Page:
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The 1969 Ford Mustang BOSS 429 was never meant to be a full-on race car. Its purpose was to homologate the 429 cubic-inch V-8, which would be used in the full-size Ford Torino and Mercury Cyclone twins in order to stand a chance against the Dodge Charger Daytona and Plymouth Superbird aero-body MOPARs at NASCAR. Since the body of the Mustang wasn’t big enough to accommodate the big V-8, Ford subsidiary KarKraft was hired to modify the car.

The engine featured a mild camshaft, smog pump, and a small carburetor. It was rated at 375 horsepower at 5,200 RPM and 450 pound-feet (610 Nm) at 3,400 RPM although the numbers are believed to be underrated. With a few tweaks, however, output could go up to 600 horsepower. The engine made for terrible weight distribution, to the point where Ford was working on a mid-engine BOSS 429. In two years, 1,357 BOSS 429 were produced.

Read our full review on the 1969 Ford Mustang BOSS 429

1969 Ford Mustang BOSS 302

The Greatest Ford Factory Race Cars From The 1960s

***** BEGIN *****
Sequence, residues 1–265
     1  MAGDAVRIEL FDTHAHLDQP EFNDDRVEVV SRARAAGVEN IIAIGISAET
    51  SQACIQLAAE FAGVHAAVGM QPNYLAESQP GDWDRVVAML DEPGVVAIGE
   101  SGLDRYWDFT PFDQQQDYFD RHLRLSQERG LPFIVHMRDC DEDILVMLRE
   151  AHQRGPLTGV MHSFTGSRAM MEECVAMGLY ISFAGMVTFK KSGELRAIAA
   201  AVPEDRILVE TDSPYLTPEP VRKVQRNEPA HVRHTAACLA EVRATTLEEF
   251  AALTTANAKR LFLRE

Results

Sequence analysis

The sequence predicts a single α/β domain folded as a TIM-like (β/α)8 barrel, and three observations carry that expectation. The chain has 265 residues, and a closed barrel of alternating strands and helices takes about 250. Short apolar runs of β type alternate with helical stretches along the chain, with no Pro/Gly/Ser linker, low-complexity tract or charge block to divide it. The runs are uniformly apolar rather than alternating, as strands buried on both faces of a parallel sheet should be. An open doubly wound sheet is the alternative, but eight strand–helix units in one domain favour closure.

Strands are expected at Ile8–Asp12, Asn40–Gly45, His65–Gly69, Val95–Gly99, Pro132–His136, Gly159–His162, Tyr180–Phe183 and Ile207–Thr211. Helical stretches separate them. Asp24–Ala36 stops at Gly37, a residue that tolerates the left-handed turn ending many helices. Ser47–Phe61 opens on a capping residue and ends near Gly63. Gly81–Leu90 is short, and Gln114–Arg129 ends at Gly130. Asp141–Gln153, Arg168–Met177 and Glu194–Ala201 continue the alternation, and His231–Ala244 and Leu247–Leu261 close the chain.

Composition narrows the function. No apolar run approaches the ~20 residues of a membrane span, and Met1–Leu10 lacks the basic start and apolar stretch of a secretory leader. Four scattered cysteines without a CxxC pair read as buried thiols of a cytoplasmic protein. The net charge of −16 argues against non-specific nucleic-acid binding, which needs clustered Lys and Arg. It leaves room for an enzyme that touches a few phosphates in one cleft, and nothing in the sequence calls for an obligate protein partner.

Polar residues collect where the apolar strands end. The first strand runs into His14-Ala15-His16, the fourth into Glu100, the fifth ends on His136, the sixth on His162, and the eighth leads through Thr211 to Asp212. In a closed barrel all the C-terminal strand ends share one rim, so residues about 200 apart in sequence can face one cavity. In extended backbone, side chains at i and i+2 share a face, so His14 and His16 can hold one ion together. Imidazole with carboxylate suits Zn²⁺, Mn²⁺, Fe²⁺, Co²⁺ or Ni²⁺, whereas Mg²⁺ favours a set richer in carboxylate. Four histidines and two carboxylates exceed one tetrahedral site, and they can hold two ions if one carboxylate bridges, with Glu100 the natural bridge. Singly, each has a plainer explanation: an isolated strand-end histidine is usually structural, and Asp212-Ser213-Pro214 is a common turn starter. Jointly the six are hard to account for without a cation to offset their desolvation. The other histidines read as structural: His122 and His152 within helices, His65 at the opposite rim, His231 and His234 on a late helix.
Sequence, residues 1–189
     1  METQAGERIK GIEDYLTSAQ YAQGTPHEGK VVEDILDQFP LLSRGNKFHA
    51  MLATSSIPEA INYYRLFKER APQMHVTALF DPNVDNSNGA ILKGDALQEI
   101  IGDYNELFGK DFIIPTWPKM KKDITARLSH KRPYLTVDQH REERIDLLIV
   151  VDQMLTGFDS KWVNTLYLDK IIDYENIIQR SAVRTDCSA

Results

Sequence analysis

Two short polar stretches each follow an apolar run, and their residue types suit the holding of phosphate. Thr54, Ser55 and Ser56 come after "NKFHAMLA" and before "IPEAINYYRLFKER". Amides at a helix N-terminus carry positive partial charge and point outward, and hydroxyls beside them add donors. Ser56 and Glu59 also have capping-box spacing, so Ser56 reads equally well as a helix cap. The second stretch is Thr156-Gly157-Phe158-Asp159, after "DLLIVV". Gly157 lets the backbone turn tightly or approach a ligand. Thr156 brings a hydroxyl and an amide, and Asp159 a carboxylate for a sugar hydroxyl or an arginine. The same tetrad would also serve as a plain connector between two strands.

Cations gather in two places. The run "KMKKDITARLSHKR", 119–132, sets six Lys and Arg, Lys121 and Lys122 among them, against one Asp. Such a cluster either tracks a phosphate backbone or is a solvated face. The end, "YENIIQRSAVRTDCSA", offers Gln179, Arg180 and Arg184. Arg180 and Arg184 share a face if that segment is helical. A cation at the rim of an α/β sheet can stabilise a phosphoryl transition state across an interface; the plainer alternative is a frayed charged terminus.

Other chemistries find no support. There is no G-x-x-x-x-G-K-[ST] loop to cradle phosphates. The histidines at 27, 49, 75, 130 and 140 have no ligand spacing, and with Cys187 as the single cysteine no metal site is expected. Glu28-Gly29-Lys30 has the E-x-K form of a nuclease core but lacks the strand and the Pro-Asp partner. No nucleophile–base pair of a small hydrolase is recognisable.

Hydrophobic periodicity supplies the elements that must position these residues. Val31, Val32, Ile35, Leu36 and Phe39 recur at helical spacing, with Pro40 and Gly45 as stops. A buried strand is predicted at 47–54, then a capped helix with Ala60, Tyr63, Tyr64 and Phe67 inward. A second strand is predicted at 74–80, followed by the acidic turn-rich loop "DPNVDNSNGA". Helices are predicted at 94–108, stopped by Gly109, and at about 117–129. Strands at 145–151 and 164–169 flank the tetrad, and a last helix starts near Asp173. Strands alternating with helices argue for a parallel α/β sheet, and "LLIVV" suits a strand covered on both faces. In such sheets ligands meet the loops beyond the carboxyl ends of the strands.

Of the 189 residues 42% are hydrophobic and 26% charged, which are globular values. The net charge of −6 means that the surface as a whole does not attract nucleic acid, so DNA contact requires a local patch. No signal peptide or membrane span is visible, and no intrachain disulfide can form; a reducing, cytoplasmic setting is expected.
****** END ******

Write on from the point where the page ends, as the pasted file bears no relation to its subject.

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Like the BOSS 429, the BOSS 302 was based on the 1969 to 1970 Ford Mustang. Unlike the BOSS 429, which was a NASCAR homologation, the BOSS 302 was homologated for Trans-Am road racing, which limited displacement to 305 cubic inches (5.0 liters). Ford’s 302 small-block was rated at 290 horsepower at 5,800 RPM and 290 pound-feet (393 Nm) at 4,300 RPM. The transmission was, exclusively a four-speed Toploader manual and came with a set of 3.91 gears.

KarKraft, Shelby American, and NASCAR owner Bud Moore were involved in developing the racing variant, which featured performance aluminum heads, two Holley Dominator, four-barrel carburetors, and various other changes from the street version, bumping output to 470 horsepower. The car wasn’t built for drag racing, but still managed a respectable 12.9-second quarter-mile time. The total production ended after 1,628 units, including 10 race cars.